This article is an excerpt from the Shortform book guide to "So You've Been Publicly Shamed" by Jon Ronson. Shortform has the world's best summaries and analyses of books you should be reading.
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What was the aim of the Zimbardo experiment? What was the reason the experiment was terminated earlier than its scheduled completion date?
In 1971, psychologist Philip Zimbardo conducted a study to show that environmental factors (as opposed to dispositional characteristics) predispose people to act with violence towards others. Initially, the Zimbardo experiment was intended to run for two weeks but it was terminated after less than a week.
Keep reading to learn why the Zimbardo experiment was terminated ahead of time.
Stanford Prison Experiment: Zimbardo’s Controversial Study
In 1971, psychologist Philip Zimbardo tried to prove the existence of crowd theory, also called deindividuation, which is a version of group madness. He turned a Stanford basement into a mock prison and recruited participants for an experiment. Nine would be guards, nine would be prisoners, and six would be on call. He acted as the superintendent.
Zimbardo terminated the experiment after less than a week because the guards became too sadistic and treated the prisoners like animals. One guard, Dave Eshelman, screamed at the prisoners to “fuck the floor” and humiliated them by making them pretend to be in love with Mrs. Frankenstein. Zimbardo appeared to have proven that when people are put into an evil place (the basement included small cells, solitary confinement, and the prisoners wore chains) and surrounded by evil influences (himself and the other guards), they act in evil ways.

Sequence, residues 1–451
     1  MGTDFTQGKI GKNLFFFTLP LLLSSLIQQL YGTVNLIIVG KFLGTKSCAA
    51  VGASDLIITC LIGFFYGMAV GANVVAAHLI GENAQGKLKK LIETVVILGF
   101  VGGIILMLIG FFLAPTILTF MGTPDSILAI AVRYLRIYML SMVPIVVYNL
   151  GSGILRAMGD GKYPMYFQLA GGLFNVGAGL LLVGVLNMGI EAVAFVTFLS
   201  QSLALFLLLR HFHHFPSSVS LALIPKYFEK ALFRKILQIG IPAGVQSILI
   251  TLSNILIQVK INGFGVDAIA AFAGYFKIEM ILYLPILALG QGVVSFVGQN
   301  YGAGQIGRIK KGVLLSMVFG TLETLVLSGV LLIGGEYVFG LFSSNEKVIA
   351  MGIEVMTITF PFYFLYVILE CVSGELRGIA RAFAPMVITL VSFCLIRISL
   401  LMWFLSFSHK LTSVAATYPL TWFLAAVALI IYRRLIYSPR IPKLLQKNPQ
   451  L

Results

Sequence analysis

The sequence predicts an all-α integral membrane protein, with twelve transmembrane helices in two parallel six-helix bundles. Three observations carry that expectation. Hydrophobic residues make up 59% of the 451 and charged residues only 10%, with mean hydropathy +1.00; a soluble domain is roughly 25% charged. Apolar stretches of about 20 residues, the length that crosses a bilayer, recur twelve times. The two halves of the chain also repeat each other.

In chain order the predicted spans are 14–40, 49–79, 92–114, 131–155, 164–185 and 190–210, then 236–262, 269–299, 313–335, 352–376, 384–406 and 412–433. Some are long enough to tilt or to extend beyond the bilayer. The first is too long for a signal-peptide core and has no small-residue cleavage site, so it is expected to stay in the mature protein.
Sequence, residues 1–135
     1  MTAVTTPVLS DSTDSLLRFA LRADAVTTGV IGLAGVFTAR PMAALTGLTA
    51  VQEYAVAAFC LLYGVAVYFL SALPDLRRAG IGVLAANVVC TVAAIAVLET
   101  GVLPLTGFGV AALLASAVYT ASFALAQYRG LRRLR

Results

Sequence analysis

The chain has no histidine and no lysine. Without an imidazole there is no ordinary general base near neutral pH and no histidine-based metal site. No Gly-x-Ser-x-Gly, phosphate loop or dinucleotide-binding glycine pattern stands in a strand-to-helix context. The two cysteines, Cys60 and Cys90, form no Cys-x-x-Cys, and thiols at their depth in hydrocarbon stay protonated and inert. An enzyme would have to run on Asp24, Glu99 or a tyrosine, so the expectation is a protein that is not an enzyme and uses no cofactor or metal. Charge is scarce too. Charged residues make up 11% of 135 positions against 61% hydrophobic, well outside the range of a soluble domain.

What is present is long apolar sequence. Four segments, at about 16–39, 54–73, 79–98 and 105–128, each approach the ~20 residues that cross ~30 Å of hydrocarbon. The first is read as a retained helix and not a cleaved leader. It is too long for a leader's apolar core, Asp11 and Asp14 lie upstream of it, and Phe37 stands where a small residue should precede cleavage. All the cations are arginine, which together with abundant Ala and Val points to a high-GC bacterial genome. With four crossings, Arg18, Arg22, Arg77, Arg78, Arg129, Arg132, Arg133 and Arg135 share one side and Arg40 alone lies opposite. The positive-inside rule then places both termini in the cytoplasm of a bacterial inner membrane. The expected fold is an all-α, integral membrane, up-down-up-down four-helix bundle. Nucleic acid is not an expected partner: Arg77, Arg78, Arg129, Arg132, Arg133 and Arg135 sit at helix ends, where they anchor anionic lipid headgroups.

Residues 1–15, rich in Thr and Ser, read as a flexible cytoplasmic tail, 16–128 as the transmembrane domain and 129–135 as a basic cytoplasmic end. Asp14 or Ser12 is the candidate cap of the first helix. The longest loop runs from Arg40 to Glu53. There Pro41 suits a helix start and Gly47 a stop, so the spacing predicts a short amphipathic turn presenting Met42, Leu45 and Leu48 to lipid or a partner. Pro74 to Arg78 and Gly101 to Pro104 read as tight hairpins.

In fact, this wasn’t the case. Dave Eshelman was the only guard who appeared to suffer from madness, group madness or otherwise. When speaking to Ronson, Eshelman admitted that he’d been faking his loss of control because the experiment was going nowhere in the early days and Eshelman was concerned that Zimbardo wasn’t going to get good results. He acted evil—channeling the sadistic prison warden in Cool Hand Luke—to get the experiment started.
The fact that Eshelman was acting doesn’t invalidate what happened—Eshelman chose to act in the way that he did for some psychological reason, and the prisoners still experienced brutality regardless of its sincerity. However, the fact that Eshelman was motivated by wanting to help Zimbardo is the opposite of group madness—Eshelman wasn’t corrupted by an environment; he was trying to do “something good.”
Additionally, there’s a lot of research that suggests that participants in studies are motivated to do whatever they think the researchers want. Psychologist Peter Gray notes that in the Stanford prison experiment, since Zimbardo acted as the superintendent and was present for the experiment, the participants would have felt even more pressure to do what they thought he wanted.
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Here's what you'll find in our full So You've Been Publicly Shamed summary:
- How public shaming can ruin people's lives
- Why public shaming isn't just a way to get corporations to do the "right thing"
- 6 strategies you can use if you're a victim of public shaming